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You are here: MacNN Forums > Hardware - Troubleshooting and Discussion > Mac Notebooks > Mid 2009 MacBook Pro Shutdown Problems

Mid 2009 MacBook Pro Shutdown Problems
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Aug 30, 2013, 04:10 AM
 
So I was given this 2009 macbook pro to recycle. It was in rough shape, so I was just going to dump it to the recycler. But one slow day, I decided to check if the screen worked. I was hoping it would boot just so I could see if it was cracked. It did boot, the glass was cracked but not the screen. I had to throw some old RAM in there, and I netbooted the system off my server. It ran. And ran well. So well, that I started fixing it up. Peeling off all the stickers, cleaning off all the dirt and guk. Replacing the glass, getting some missing screws like the HD screws and some trackpad screws. All the while, for about a month, I had the machine running very reliably. It was mining litecoins so it was creating a lot of heat. And I had the fans running at a higher than normal speed to maximize airflow. I'm assuming this was a liquid spill Mac but I don't know. But for a month it was great. I tested it very thoroughly and decided it was good to go.

I've had a hectic week. So today I looked at it and noticed it was off. So I turned it on and after a short time, it suddenly powered off instantly. So after a lot of troubleshooting, I determined it shuts-down with or without the battery installed, and it shuts-down no matter what internal hard drives it boots off of (swapped two). But if I netboot it, it seems to run normally.

Both hard drives are SATA drives pulled from other Macs. It's definitely not a software issue. The computer doesn't "shutdown" in the soft sense, it instantly and abruptly powers down.

So what do you think? The HD cable and connections all look fine. I sure hope the SATA bus on the logic board isn't fried. I spent a lot of time working on this machine back when it was working perfectly, I put that time in expecting to get my money back when I sold it.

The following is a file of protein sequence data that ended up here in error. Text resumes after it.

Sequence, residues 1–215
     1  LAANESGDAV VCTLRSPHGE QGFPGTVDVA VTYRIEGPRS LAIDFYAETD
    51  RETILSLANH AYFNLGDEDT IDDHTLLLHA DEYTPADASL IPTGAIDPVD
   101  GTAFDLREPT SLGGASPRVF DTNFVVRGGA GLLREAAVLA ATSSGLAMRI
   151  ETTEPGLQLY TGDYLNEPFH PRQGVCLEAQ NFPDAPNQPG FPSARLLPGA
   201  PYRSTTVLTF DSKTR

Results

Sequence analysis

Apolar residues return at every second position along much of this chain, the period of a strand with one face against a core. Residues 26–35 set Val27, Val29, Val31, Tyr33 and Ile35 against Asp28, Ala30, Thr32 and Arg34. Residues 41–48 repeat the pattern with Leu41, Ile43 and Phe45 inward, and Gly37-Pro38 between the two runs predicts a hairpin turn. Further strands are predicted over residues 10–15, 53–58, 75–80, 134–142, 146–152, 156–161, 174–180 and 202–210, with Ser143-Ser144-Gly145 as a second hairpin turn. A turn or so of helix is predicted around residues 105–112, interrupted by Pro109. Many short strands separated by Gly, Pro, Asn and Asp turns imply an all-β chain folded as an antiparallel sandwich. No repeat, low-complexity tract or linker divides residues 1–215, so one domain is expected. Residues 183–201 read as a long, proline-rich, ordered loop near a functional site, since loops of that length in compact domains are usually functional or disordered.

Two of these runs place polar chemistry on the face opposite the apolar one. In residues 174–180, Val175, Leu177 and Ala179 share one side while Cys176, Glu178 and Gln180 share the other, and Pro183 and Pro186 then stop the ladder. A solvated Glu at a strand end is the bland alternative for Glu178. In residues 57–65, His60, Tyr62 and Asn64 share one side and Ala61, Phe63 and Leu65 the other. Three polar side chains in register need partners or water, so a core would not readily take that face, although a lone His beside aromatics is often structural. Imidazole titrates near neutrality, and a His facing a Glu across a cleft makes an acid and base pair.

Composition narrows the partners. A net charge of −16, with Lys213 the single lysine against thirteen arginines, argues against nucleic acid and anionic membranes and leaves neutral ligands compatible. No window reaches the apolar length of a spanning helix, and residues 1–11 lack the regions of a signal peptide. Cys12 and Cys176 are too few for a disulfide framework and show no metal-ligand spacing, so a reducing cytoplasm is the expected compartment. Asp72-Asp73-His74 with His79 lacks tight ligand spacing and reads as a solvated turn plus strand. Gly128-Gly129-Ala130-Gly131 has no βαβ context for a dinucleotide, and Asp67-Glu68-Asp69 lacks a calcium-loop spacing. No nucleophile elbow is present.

Here's a video of it happening:
IMG 2764 - YouTube
     
l008com  (op)
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Aug 30, 2013, 04:34 AM
 
A little more info: When I do netboot, the machine runs fine and doesn't shutdown. But the internal hard drive is still in there, running, and accessible. It passes all hardware checks and I can access the files. But when I boot off of it (or any other internal drive), I get the sudden shutdowns.
     
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Aug 30, 2013, 04:35 AM
 
That's bizarre.

Netboot working but not various local systems is really weird.

Will it run off an external drive via USB?
     
l008com  (op)
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Aug 31, 2013, 04:11 AM
 
Yup. Powers off, abbruptly, when booting off USB. It also powers off when netbooting too. Just less. It lasts longer via netboot.
     
l008com  (op)
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Aug 31, 2013, 04:20 AM
 
Well that was an interesting clue. I had the machine netbooted. With the internal and external drives present and just sitting idle. I was going to see how long it would run on battery power but once I got board of that, I plugged it in and prepared to move on to new things. The instant I plugged it in, it shut down. Could be be the Magsafe board faster all, that's causing the problem! Oh joy, a cheap $20 fix! Could I be so lucky!
     
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Aug 31, 2013, 09:09 AM
 
My guess is that the southbridge (well, OK, that computer has NB and SB in one chip, but the SB function then) has a defect, possibly related to cooling. Take a look at that heatsink to make sure it is fastened correctly, has the right amount of cooling paste, etc.
The new Mac Pro has up to 30 MB of cache inside the processor itself. That's more than the HD in my first Mac. Somehow I'm still running out of space.
     
l008com  (op)
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Aug 31, 2013, 02:41 PM
 
I don't think it's cooling related, because it ran a litecoin miner for weeks straight and was just fine. And now suddenly, whenever I plug in AC power, it shuts down within seconds.
     
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Sep 1, 2013, 08:27 AM
 
If you're running the litecoin process on the main CPU, it could still be - the south bridge is in a separate chip (in fact, is on all Macs except the latest Haswell MBAs). Obviously if you're running it on the discrete GPU, the same thing applies. It's only if you're running that process on the integrated GPU that you will heat up the south bridge.
The new Mac Pro has up to 30 MB of cache inside the processor itself. That's more than the HD in my first Mac. Somehow I'm still running out of space.
     
   
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